Overall, I had a very rewarding experience during my time with IES. What was great to me about IES was the fact that teachers wanted to make sure you learned while also giving you the chance to explore Japan and your surroundings. Although this is a language intensive program, you aren't pushed to the point of being stressed. You will learn more of the language, but I don't think I was challenged enough academically. What was helpful in learning more Japanese was being surrounded so much by the language and by hanging out with my e-pal. IES pairs each abroad student with an "e-pal", which is a Japanese student attending the university who you can get to know before getting to campus. This was super beneficial for many of the abroad students because they had the opportunity to befriend and hang out with a Japanese student to learn more about Japan's culture. We could practice our speaking skills with them and jump into the social scene with more ease. IES was also extremely involved with the students in providing constant information about events going on around Tokyo. We got to go on two long field trips to the countryside (3-5 days each) and also went on a lot of other student council-run trips around the city. IES Tokyo definitely wants their students to be able to get the most out of their time in Japan. It is a great program for students looking to get immersed into the culture while also practicing their Japanese skills.

Yes, I recommend
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Kyri
10/10

Spring in Japan

This program has everything you would need, expect, and want.... plus more! The location is close enough to the city to be able to go anywhere without much trouble. The people are helpful and kind. They really are there for you for anything. The school is a good environment and the people are fun.

Yes, I recommend
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Kenna
10/10

Beyond City Limits

There's a lot to be said for studying in as metropolitan an area as Tokyo. You'll never be able to take advantage of all the opportunities available, and the train system allows you to go almost anywhere in the country with incredible ease. Make sure you get a map of the train system at first though, and keep it with you until you learn your way around.

That's not to say that big cities and bright lights are all there is to Japan though. Most of the country is actually pretty rural, and the scenery is breathtakingly gorgeous. There are beautiful hiking trails, mountains to climb, and gorges to explore nearly everywhere! Nikko is an especially good place for this. If IES doesn't schedule a group trip there, you should go check it out!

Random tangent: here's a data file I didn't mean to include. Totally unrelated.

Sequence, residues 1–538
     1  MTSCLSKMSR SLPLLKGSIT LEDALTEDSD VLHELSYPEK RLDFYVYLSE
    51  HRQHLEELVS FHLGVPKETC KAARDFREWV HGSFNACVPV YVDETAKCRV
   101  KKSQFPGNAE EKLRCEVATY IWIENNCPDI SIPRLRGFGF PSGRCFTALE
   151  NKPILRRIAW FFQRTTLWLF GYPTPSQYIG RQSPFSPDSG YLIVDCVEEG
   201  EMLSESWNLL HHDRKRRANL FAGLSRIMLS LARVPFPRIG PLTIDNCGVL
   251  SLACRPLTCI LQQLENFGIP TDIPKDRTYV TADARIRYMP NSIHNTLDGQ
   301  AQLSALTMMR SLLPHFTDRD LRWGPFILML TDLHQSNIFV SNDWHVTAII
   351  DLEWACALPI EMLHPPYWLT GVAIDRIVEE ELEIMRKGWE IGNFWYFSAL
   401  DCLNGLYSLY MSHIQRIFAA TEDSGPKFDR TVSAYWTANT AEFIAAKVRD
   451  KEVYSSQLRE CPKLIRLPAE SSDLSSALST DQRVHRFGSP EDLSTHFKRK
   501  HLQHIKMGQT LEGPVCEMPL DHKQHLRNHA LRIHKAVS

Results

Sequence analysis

Make sure to travel outside the city as much as you can. As exciting as Tokyo is, you'll have the most fun on your trips outside of it. Try looking up famous festivals in Japan and taking a day trip to visit one. They're always great fun, and you'll get to see and try a lot of new things. Personally, I would recommend the Narita Taiko Festival. If drums are your thing, this is for you! Great food and incredible performances every time you turn around. Make sure to try the Unagidon! If you're looking for something a little closer, head to the Jidai matsuri in Asakusa. Samurai, lords, princesses, shrine maidens, and ninja all in one glorious parade!

Also, keep the climate and weather patterns in mind while you're packing. Spring semester has the rainy season, and fall semester has typhoon season. Typhoon season will break your umbrella, so bring a raincoat instead. You should also keep in mind that most places in Japan don't take cards, so bring cash.

How can this program be improved?
The only real complaint I had with this program was that the way the classes are scheduled, you have to spend all day at the IES student center, or on campus. You can't really finish up your classes in the morning and head out to explore.

It can also be kind of hard if you end up with a class where the teaching style is difficult for you to follow. The professors will try their best to help you, but they don't have office hours or anything like the professors on your home campus, so often you'll just have to tough it out.
Yes, I recommend